Heat exchangers are vital components in district heating systems, enabling the efficient transfer of heat from central sources to the distribution network. Their design, selection, and maintenance are crucial factors in the overall efficiency and effectiveness of district heating systems, contributing to energy savings and environmental sustainability.
What is the purpose and function of heat exchangers?
Heat exchangers are designed to transfer thermal energy from a heat source (such as a power plant, Combined Heat and Power (CHP) plant, or geothermal source) to the circulating fluid (typically hot water) in the district heating network.
Types of Heat Exchangers
- Plate Heat Exchangers: These are commonly used in district heating due to their high efficiency and compact design. They consist of multiple thin plates with channels for the hot and cold fluids. The close proximity of the plates allows for efficient heat transfer.
- Shell and Tube Heat Exchangers: These consist of a shell (a larger outer vessel) with a bundle of tubes inside. Hot fluid flows through the tubes, while the cold fluid surrounds the tubes in the shell.
- Brazed Plate Heat Exchangers: These are compact and efficient heat exchangers with plates that are brazed together. They are often used in smaller-scale district heating systems.
- Finned Tube Heat Exchangers: These heat exchangers have tubes with fins on the outside to increase the surface area for heat transfer.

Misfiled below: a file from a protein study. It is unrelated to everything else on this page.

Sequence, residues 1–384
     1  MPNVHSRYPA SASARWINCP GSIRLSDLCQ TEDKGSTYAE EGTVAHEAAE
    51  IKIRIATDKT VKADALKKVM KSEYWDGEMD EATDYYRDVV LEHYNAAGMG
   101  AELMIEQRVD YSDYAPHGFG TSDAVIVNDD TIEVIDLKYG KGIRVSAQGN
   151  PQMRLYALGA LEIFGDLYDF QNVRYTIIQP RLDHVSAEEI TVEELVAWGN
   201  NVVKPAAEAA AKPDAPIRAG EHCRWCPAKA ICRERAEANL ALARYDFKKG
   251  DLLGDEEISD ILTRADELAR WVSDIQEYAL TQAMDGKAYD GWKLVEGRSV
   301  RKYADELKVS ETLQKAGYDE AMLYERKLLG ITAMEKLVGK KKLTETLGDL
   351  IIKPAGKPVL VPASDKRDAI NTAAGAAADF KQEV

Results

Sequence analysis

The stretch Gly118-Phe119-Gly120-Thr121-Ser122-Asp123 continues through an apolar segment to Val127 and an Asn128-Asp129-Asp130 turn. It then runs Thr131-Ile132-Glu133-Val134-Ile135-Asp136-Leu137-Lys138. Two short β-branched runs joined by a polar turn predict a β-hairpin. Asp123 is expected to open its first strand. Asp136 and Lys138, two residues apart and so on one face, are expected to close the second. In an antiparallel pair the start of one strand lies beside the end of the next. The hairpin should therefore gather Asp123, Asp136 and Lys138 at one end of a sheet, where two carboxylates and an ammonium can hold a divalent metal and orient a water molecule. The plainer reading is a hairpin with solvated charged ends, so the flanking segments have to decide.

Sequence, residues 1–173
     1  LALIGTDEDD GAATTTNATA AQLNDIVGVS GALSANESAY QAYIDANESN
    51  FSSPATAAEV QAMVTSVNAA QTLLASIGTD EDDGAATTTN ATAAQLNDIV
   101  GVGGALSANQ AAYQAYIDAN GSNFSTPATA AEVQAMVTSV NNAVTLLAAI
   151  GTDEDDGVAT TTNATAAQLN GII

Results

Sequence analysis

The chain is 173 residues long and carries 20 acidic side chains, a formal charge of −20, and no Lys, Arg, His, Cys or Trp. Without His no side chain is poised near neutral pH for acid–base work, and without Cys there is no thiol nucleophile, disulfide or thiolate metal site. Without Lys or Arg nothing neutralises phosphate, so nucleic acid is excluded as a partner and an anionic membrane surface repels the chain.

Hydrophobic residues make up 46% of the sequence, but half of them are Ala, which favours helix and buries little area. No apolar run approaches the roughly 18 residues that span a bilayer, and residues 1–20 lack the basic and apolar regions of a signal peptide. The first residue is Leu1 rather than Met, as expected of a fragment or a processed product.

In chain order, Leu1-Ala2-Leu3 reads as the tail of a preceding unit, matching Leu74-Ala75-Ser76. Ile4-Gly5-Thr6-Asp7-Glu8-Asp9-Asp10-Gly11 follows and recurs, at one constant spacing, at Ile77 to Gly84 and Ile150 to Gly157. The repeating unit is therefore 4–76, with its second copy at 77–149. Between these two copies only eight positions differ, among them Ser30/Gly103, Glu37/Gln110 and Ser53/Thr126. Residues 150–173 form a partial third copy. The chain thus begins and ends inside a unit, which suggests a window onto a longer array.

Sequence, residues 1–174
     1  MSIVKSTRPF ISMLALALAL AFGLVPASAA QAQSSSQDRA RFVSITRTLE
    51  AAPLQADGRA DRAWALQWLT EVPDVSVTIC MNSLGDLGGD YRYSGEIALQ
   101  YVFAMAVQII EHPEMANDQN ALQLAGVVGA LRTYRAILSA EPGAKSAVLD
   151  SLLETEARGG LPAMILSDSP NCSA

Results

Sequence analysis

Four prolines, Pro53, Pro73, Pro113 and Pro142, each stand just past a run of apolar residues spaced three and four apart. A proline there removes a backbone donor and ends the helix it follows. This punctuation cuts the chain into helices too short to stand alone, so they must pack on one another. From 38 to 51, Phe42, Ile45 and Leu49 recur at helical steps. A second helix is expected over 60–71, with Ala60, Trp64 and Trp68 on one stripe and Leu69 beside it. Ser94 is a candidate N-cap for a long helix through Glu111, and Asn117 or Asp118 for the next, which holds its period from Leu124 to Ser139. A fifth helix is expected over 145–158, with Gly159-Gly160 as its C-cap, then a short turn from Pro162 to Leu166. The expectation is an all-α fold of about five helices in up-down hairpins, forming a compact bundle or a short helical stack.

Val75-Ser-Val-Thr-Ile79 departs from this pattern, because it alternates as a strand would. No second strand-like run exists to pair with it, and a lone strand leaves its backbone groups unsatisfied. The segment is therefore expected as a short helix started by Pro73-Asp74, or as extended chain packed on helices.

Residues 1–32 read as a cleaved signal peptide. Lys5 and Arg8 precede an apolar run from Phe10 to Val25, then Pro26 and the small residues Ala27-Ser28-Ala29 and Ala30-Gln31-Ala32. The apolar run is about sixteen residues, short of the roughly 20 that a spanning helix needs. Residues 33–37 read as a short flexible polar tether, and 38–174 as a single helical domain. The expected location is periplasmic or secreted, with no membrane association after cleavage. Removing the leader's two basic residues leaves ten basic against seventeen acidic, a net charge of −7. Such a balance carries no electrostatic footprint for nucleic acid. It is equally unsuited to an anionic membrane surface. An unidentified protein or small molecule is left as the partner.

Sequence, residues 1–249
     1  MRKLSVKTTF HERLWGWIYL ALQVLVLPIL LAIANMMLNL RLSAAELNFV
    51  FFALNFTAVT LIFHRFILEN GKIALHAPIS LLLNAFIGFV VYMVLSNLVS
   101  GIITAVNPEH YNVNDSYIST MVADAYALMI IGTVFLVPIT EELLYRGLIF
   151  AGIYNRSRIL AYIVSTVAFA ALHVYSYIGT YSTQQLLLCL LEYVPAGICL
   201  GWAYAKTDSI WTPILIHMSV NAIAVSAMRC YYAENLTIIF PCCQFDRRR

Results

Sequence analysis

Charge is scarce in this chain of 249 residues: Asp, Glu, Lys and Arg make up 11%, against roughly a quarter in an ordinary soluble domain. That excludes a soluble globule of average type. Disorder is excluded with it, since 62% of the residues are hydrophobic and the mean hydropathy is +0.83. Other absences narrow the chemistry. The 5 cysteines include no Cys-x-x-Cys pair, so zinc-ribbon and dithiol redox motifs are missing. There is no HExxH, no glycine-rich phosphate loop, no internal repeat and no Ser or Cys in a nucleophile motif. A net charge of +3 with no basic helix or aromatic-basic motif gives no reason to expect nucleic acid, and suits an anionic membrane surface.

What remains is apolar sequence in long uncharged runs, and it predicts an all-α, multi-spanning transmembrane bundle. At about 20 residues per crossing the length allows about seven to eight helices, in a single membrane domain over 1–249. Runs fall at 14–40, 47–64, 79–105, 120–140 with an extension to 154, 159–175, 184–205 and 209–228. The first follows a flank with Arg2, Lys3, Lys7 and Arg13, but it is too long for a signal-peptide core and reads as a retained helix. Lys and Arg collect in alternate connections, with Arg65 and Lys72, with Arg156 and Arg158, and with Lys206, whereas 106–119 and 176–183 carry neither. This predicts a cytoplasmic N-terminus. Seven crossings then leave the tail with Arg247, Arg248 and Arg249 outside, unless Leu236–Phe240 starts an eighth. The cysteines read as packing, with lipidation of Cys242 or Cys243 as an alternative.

The heat transfer process of heat exchangers
- Heat exchangers work based on the principle of thermal conduction, where heat flows from the hot fluid to the cold fluid without direct mixing of the two fluids.
- The hot fluid (e.g., steam or hot water from the central heat source) passes through one side of the heat exchanger, while the cold fluid (water from the district heating network) passes through the other side.
- The heat is transferred from the hot fluid to the cold fluid through the heat exchanger’s walls, raising the temperature of the cold fluid.
Efficiency and Energy Recovery
Efficient heat exchangers maximize the transfer of thermal energy, ensuring that the heat source’s energy is effectively utilized in heating the district.
Energy recovery is a key benefit of heat exchangers, as they allow the capture and reuse of waste heat from industrial processes, power generation, or other sources, contributing to the overall efficiency and sustainability of district heating systems.
Materials and Maintenance
Heat exchangers are typically constructed from materials that can withstand the temperature and pressure conditions of the district heating system. Regular maintenance, including cleaning and inspection, is essential to keep heat exchangers operating efficiently and to extend their lifespan.
Size and Capacity
The size and capacity of heat exchangers are selected based on the specific requirements of the district heating system, including the heat load, flow rates, and temperature differentials.
Integration with Control Systems
Modern district heating systems often incorporate sophisticated control systems that optimize the operation of heat exchangers based on real-time demand and supply conditions.
Plate heat exchangers are widely used in Denmark to separate circulating water in different networks. It is an example of compromising investment and operating costs, with the objective of minimising pressure loss and simultaneously maximising the heat transfer coefficient.
Plate heat exchangers have the additional advantages of demanding less space than other types and being built in modular form. The capacity of a plate heat exchanger can thus be increased by adding more plates – an operation that can proceed in parallel with the expansion of the network. In this way, investments in heat exchanger capacity can be scheduled to follow demand.